Did Bush really mean it when he said he wanted to bomb Al Jazeera? The
original sources quoted in the British tabloid The Mirror disagree
over whether this was meant as a joke. While Tony Blair's office declined
all comment, the White House reacted angrily. Significantly, however,
it did not quite deny the existence of the memo altogether. "We are
not interested in dignifying something so outlandish and inconceivable
with a response," declared White House spokesman Scott McClellan.
But how inconceivable is it that George Bush might bomb a news network?
The American administration has bombed TV stations on several occasions
in the past, sometimes deliberately. During the invasion of Afghanistan
for example, two coalition bombs landed on the Al Jazeera bureau.
Initially the Pentagon denied the attack had been deliberate. "The
US military does not and will not target media. We would not, as a policy,
target news media organizations—it would not even begin to make
sense," said a spokesman from US Central Command.
Then, following a BBC investigation, the Pentagon changed its story. US
Deputy Assistant Defense Secretary for Public Affairs Rear Admiral Craig
Quigley told Nick Gowing, a presenter for BBC World, that the Pentagon
did not regret the incident because the bureau had "military significance".
According to Quigley, the bureau was "at the time, a facility used
by Al Qaeda."
General Tommy Franks, commander of the US operations in Afghanistan, later
wrote a letter to the New York based Committee to Protect Journalists
about the incident, in which he confirmed that the bureau “had been
monitored for a significant time and had repeatedly been the location
of significant Al Qaeda activity". No evidence was supplied to support
any of these allegations.
On April 8, 2003, during the last days of the invasion of Iraq, a US A10
“tank killer” aircraft fired two missiles at the roof of the
Al Jazeera Baghdad bureau. Al Jazeera correspondent and producer Tareq
Ayyoub was killed by shrapnel. Remarkably, this is the only time a journalist
has been killed by US forces in Iraq, there has been no military investigation
into his killing. An investigation into the shelling of the Palestine
hotel, which happened the same day, concluded that US forces bore "no
fault or negligence."
“There has still been no US investigation into the death of Tareq,
although all the major press freedom organizations like Committee to Protect
Journalists and International Federation of Journalists have repeatedly
called for one,” said an Al Jazeera spokeswoman.
However Dima Tareq Tahboub and the inheritance of Tareq Ayoub are launching
a legal case against the US government over the wrongful death of Tareq
to obtain compensation for moral and material damages.
But it’s not only Al Jazeera under attack. In April 1999, NATO laser-guided
missiles ploughed into the Serbian television headquarters, killing dozens.
Over a hundred civilian staff were working inside at the time. Dozens
of other journalists have been killed in Iraq from many different news
organizations. On the third anniversary of the invasion of Iraq the Committee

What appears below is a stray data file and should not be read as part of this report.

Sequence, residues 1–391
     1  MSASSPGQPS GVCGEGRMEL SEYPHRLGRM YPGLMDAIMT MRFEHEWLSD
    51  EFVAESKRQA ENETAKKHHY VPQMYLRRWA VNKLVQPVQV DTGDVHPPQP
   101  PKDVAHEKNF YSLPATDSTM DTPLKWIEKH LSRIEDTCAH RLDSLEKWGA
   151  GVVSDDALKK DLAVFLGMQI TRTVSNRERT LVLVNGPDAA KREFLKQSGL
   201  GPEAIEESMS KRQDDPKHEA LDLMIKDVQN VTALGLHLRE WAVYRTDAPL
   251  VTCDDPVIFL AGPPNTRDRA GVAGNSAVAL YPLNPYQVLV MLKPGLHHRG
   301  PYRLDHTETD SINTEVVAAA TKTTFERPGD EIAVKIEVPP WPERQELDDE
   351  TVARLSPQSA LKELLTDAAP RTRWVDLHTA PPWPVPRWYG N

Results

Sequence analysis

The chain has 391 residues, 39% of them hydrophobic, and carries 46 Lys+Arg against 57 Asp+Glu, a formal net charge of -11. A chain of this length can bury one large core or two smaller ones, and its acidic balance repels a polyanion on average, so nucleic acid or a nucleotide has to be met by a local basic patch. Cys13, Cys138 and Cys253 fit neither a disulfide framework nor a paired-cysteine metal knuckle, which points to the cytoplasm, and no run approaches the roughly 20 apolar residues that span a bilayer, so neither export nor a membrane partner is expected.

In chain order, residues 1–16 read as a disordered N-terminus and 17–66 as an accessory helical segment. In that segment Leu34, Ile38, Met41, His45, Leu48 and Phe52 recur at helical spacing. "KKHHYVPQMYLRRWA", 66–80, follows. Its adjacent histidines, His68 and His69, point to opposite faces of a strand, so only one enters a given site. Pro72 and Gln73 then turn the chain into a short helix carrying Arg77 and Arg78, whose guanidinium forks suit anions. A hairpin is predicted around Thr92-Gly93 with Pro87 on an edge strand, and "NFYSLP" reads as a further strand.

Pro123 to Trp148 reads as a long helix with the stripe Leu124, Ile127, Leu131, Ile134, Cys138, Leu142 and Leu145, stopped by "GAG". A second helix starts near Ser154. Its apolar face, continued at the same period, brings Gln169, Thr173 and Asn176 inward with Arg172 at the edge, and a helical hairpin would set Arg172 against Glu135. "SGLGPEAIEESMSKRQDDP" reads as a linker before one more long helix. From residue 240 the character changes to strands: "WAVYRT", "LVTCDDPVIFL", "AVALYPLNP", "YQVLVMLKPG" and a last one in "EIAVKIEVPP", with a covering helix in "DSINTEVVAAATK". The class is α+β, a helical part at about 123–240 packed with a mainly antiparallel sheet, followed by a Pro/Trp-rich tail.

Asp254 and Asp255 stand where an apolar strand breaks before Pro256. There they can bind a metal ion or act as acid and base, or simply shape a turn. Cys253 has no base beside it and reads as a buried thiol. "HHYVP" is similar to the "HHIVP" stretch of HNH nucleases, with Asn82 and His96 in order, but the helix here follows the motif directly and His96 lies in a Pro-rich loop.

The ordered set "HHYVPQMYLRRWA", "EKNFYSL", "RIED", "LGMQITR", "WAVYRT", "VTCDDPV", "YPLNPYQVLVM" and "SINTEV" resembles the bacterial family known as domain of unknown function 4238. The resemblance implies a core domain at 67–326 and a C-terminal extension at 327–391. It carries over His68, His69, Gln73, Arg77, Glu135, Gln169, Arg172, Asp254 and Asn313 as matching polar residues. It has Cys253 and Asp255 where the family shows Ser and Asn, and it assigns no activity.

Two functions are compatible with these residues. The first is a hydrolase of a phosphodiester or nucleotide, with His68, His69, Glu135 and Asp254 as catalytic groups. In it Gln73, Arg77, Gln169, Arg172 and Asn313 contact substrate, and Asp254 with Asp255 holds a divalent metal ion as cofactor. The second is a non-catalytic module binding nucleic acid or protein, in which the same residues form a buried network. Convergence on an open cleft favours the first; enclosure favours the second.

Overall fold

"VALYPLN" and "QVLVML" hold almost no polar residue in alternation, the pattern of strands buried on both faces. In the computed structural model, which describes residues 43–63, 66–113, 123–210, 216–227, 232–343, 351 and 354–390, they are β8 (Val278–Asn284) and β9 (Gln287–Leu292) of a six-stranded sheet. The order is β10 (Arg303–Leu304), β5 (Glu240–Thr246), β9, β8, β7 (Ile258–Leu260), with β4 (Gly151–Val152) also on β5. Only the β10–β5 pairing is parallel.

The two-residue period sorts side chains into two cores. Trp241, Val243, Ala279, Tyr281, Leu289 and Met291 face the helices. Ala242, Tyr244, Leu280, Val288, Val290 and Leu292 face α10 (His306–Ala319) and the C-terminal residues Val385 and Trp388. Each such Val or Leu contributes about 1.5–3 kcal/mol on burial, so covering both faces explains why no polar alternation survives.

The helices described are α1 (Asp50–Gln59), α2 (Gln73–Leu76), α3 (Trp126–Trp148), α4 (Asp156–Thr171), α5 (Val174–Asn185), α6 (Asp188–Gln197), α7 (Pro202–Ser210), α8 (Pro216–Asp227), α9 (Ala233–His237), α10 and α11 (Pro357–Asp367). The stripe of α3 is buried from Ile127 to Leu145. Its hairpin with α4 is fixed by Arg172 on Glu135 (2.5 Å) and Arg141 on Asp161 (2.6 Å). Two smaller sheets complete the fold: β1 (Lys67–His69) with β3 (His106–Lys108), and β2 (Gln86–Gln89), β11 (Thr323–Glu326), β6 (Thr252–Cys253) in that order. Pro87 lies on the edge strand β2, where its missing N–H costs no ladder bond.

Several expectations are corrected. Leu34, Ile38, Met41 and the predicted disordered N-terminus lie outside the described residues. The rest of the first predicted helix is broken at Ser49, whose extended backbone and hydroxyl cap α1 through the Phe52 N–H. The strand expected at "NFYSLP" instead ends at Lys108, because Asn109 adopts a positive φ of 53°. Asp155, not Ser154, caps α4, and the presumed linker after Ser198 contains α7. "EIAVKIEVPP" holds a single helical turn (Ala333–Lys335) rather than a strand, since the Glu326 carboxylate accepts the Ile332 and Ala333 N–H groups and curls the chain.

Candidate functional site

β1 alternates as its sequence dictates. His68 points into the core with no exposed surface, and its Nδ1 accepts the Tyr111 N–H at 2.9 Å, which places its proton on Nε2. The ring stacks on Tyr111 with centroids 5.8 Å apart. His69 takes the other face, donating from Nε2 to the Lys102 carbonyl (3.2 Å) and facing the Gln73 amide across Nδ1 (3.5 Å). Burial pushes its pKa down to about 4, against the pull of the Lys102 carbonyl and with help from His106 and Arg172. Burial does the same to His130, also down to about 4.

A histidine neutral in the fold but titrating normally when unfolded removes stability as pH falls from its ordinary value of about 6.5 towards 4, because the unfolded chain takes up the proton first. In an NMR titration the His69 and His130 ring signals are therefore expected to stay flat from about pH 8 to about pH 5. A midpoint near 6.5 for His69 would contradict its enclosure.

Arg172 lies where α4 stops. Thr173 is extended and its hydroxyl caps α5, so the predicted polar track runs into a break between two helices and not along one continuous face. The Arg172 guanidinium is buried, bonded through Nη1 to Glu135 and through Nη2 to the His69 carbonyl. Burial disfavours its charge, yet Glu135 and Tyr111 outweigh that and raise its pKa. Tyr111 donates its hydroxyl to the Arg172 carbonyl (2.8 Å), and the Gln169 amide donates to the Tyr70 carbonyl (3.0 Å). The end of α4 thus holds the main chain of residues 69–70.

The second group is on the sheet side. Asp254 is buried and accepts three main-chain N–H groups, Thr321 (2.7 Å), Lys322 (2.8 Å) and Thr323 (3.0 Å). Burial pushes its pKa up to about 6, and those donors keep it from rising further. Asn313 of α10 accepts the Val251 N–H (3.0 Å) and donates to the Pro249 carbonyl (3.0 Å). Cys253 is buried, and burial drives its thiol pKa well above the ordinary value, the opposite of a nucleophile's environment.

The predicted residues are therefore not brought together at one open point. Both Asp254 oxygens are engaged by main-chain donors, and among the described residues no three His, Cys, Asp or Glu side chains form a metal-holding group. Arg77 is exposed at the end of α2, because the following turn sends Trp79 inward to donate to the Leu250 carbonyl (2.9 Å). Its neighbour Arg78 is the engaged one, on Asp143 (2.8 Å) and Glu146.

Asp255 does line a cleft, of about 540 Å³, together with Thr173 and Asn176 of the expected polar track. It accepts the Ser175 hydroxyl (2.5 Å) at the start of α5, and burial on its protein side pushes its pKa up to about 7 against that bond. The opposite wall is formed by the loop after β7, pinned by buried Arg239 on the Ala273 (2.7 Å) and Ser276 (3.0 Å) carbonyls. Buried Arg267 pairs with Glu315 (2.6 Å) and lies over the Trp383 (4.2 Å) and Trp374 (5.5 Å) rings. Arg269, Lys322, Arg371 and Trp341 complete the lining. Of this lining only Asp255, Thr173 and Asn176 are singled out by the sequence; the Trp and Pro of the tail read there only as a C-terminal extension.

to Protect Journalists published research showing that 67 journalists
had been killed since the war started on March 20, 2003. American soldiers
killed 14, although there is no evidence to suggest these deaths were
deliberate, and insurgents killed many more.
But the revelations about the memo are particularly troubling because
the Bush administration has singled out Al Jazeera for special treatment
so many times in the past. Besides bombing it, they have closed the network’s
bureau down in Iraq (albeit through the Iraqi Governing Council) and according
to the lawyer of Sami al-Haj, the Al Jazeera journalist imprisoned without
charge in Guantanamo Bay Cuba, the American administration has also gone
to considerable lengths to push him to spy on his former employers.
So what is the background to this mysterious memo, and what is the context
within which it first appeared?
The story starts in April 2004, when Al Jazeera was the only international
news organization within Fallujah. American troops were laying siege to
the city, which has a population of about 300,000 people. Correspondent
Ahmed Mansour and two cameramen were inside, transmitting about 30 to
50 minutes of exclusive live footage each day, including graphic pictures
of dead women and children. Such images contradicted what we were hearing
from the US military spokesmen at the same time.
For example, while the American media were reporting that Iraqi civilians
were being allowed to leave because there was a ceasefire, Al Jazeera
was reporting that US airplanes were still relentlessly bombing them.
Most controversially of all, Al Jazeera alleged that American soldiers
were targeting civilians—something independently corroborated by
other sources, including AFP news agency—but strenuously denied
by the US military.
US officials publicly and vigorously attacked Al Jazeera during the Fallujah
assault, notably Vice President Dick Cheney and Pentagon chief Donald
Rumsfeld, who accused its correspondents of aiding the rebels.
The following August, Al Jazeera was banned from Iraq. Despite protests
from press freedom and democracy groups, the Bush administration had no
objections. Al Jazeera, it was alleged, knew about attacks against coalition
troops before they happened, though no evidence was produced to support
this claim. The Iraqi Governing Council claimed such evidence was gathered,
but then held back, since it was said to contain “sensitive information.”